All my files, from Windows, are executable

Hi Manjaro forum,

All my files (jpg, docs, txt, pdf etc) that I have copied from my windows harddrive, are marked as executable.

Why is this happening and is it safe to remove the executable attribute from all my files?


NTFS doesn’t understand Linux permissions.


Thanks for the answer zbe.
Is it safe to remove the executable attribute from all my files?

Sure, why not. You can add it back 5 minutes later if you wish so. :stuck_out_tongue:

So it has no negative effect on my files?

What kind of negative effect can any permission or lack of have on the content of a file?

Why not just leave it alone?

Misread. I thought you meant files mounted via NTFS.

In your case, it’s no problem to recursively remove the executable permission from all those files.

zbe: I do not know. So that is why I am asking.
winnie: I could leave it alone, if it does not have any negative effect.

Well, I suggest you read what permissions are for and how do they work.

Thanks winnie. I will try to recursively remove the executable permission from all my files…somehow :slight_smile:

Well zbe, that seems like a good idea.

Hope you don’t expect us to feed you basic commands. You are supposed to understand things like permissions fairly well since you are not using a beginner distro.

Well … if people think my question is below them, nobody is forcing them to answer it. I am really not supposed to anything.
So if some people, dont like it, they can move on.

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You got the answer. (Even though you could just type it into google)

You got this in reverse. It’s seems it’s below you to do some learning on your own.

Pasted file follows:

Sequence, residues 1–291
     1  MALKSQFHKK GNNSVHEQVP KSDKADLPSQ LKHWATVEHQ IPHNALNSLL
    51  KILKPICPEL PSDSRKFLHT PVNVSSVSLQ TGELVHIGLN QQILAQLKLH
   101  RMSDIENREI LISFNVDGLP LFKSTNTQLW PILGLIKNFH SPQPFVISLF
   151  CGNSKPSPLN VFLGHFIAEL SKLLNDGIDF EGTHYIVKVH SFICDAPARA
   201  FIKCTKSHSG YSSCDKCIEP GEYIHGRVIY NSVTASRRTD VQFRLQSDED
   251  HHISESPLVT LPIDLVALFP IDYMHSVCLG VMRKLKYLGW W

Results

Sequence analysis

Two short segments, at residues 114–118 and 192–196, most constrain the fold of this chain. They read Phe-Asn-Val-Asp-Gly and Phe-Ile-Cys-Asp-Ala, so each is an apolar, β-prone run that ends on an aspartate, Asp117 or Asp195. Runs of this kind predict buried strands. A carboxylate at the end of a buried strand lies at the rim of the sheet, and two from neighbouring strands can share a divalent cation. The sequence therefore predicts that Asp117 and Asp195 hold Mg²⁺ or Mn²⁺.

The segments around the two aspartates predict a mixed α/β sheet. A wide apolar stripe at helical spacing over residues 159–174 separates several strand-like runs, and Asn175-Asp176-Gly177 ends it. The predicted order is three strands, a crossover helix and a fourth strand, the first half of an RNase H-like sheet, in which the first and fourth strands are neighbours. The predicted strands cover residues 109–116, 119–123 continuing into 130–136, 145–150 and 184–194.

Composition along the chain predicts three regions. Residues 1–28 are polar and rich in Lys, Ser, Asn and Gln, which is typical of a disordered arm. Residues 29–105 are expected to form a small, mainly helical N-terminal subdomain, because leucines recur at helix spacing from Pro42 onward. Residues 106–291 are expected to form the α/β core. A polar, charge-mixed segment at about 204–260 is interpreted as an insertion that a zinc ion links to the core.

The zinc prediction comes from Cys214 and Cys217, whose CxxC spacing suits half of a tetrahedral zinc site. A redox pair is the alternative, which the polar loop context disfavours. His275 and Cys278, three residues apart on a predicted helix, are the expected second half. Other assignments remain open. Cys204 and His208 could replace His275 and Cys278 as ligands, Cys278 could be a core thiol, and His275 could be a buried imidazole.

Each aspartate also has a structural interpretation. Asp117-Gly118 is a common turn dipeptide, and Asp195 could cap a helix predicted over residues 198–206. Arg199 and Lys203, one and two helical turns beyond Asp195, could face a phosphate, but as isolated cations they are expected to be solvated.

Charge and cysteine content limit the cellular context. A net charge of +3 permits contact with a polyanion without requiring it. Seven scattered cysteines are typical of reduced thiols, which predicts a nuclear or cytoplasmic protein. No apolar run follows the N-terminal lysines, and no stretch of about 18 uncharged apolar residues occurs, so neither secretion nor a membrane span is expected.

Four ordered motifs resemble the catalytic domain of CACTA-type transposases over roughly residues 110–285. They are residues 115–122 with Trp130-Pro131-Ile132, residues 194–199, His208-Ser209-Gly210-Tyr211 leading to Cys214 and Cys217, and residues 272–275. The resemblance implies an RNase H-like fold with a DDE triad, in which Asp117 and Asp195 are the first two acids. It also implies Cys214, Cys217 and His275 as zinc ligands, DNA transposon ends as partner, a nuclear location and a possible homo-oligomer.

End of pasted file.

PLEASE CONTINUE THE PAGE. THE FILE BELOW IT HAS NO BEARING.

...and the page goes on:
bye bye zbe…

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Yes - data files should never have the exec bit set.

But - before you venture into a chmod -x folder -R yo need to understandt that folders need the exec bit to allow navigating the folder.

Ensure you are executing this inside the top folder containing the files and folders you copied

You may need - to set the owner and group - $USER:$USER is an environment variable holding your current user:group example monkyboy:monkeyboy. If the files are copied from a mix of unknown users - below command can be executed with sudo -

WARNING never do this in a system folder e.g. /. Always limit to files and folders you have write access to - thus ONLY inside your $HOME

chown -R $USER:$USER
find . -type f | sudo xargs -d'\n' chmod 664  # file permisson to rw for user and group and ro for other
find . -type d | sudo xargs -d'\n' chmod 775  # folder permission to rw for user and group and ro for other
find . -type d | sudo xargs -d'\n' chmod +s   # set defaults for new files in a folder to inherit the folder permission
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Thanks for the answer linux-aarhus. :slightly_smiling_face:

I don’t recall this was ever an issue on GNU/Linux Mint. Do they have some tool/script/whatever that seamlessly handle this behind the scenes maybe…? Perhaps something like (pseudo code):

if drive.filesystem == 'NTFS' then
    system.set_flags(FILE, '-x');

I also remember I had to set the x flag on files such as .exe (I used to run Wine) after copying them from old storage.
Or my memory plays tricks on me…blame old age, I’m probably older than most here. (o_o)

You can just mount ntfs drive with options a la -o uid=1000,gid=1000,fmask=133,dmask=022 and you have everything sorted.

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